By Steve Slater
You might remember that last year F1 supremo Bernie Ecclestone made a wry comment that all we need to do to get good racing is to artificially wet the race tracks. It was, I am still convinced Bernie having fun, seeing which journalists were daft enough to seriously report something so outrageous.
However after the last three races, I am starting to think that Bernie had a point. The British, German and Hungarian Grand Prix were all held in conditions that ranged from damp to torrential, and the three races gave us some of the best action of an already spectacular season.
There are three principal reasons why we see even better racing when we get rain-soaked, but it has to be said not flooded, tracks. The first is that the lower speeds and raised ride heights to cope with the conditions reduce a lot of the aerodynamic grip created by the cars. Cornering speeds are lower, there are often more different ‘lines' through a corner and the braking zones are longer, all creating added overtaking chances for those brave enough to try.
In addition, a wet track is rarely the same for two or three successive laps. If its getting drier, areas with more grip appear but as the cars go quicker, tyre wear becomes a feature too. It all adds to the number of variables in the race, which in turn give the drivers a chance to out think one another on strategy.
Finally, a wet track allows pure driving skill rather than engineering prowess to make the difference. The opening laps of last weekend's Hungarian Grand Prix offered a visual feast, as both Vettel and Hamilton battled at the head of the field, not merely for the lead positions, but simply to keep their cars on the track.
The sight of the Red Bull and McLaren, leaving rooster-tails of spray as they twitched and slid each time the drivers unleashed the horsepower was truly awesome. It is conditions such as those that one realises that Formula One drivers are not as you or I, their driving abilities are at an entirely different level.
We may be able to speculate on the theories of fast driving, but it takes some pretty special people to put it into practice, in a sliding car with 800 horsepower at 200 km/h. It is races like the Hungarian Grand Prix that show what makes a Formula One driver so special.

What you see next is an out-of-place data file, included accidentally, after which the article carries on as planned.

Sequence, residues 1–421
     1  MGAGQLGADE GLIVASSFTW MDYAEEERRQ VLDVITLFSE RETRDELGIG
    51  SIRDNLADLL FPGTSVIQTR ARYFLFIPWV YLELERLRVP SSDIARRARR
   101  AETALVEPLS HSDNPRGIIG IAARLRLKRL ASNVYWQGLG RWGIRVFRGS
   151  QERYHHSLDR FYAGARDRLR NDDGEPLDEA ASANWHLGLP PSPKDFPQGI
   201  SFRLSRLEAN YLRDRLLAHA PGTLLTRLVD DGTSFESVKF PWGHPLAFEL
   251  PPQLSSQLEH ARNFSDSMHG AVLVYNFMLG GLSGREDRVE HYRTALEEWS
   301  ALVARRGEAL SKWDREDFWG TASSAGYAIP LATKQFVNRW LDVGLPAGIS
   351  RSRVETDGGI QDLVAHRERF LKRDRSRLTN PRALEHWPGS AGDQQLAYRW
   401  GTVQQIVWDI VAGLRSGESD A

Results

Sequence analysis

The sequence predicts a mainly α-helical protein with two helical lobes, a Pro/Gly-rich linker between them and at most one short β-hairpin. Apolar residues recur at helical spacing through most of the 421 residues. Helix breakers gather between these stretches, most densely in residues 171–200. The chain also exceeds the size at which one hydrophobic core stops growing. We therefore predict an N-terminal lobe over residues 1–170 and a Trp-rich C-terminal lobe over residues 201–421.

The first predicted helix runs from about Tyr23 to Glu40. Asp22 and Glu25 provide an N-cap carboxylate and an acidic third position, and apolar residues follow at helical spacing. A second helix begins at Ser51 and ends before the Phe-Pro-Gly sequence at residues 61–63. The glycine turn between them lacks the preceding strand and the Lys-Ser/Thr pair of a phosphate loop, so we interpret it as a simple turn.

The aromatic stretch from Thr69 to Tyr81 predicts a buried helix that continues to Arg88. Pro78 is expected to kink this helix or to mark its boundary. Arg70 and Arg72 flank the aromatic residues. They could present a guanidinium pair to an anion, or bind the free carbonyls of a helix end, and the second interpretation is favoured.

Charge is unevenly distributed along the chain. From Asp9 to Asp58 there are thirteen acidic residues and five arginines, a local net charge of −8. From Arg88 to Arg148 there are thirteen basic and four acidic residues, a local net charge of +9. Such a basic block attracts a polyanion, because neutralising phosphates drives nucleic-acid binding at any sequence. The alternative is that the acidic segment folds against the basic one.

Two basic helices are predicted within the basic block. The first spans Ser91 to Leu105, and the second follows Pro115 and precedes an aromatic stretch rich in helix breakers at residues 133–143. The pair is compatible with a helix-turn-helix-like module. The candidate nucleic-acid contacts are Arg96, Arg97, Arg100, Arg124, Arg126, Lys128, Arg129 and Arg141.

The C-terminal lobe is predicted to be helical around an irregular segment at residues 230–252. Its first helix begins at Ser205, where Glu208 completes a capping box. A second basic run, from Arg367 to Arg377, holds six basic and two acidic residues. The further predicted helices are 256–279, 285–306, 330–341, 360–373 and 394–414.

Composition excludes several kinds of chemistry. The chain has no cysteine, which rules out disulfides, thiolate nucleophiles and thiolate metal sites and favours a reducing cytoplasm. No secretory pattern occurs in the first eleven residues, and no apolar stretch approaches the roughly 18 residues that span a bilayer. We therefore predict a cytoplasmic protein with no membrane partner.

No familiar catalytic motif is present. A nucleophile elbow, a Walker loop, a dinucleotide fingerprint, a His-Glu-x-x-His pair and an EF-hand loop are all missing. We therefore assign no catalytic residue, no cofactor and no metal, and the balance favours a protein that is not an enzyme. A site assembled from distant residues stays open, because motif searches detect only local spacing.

Lewis Hamilton provided the initial fireworks in Hungary by grabbing the lead from Vettel, but it was most definitely a ‘race of two halves' for the British driver. Poor radio communications probably contributed to the glitch in Hamilton's tyre strategy which lost him his lead, but simple driver errors saw Hamilton first spin then receive a drive through penalty, ruining any chance of fighting back.
Hamilton was quick to apologise after the race to Paul di Resta for forcing him onto the grass as he recovered from the spin. Hamilton simply hadn't seen the Force India car as he ‘doughnutted' the McLaren back into the right direction, right across the Force India's nose.
Meanwhile, as Jenson Button added to his ‘rain master' credentials in Hungary by scoring both McLaren's second back-to-back win and his second victory of the season, Force India rather than Ferrari, Red Bull or Petronas Mercedes, have been the team making the best mid-season progress.
Adrian Sutil's smooth drive to eight place in Germany was repeated by a similar result for di Resta in Hungary. The team have high hopes too, for further improvement on the low-downforce tracks coming up at Spa and Monza
The VJM04's aerodynamic package gives it strong straight-line speed, aided by a particularly effective DRS wing package and the power of the Mercedes engines. Sutil and di Resta might just be the drivers to watch when the teams return to the track after the mid-season break.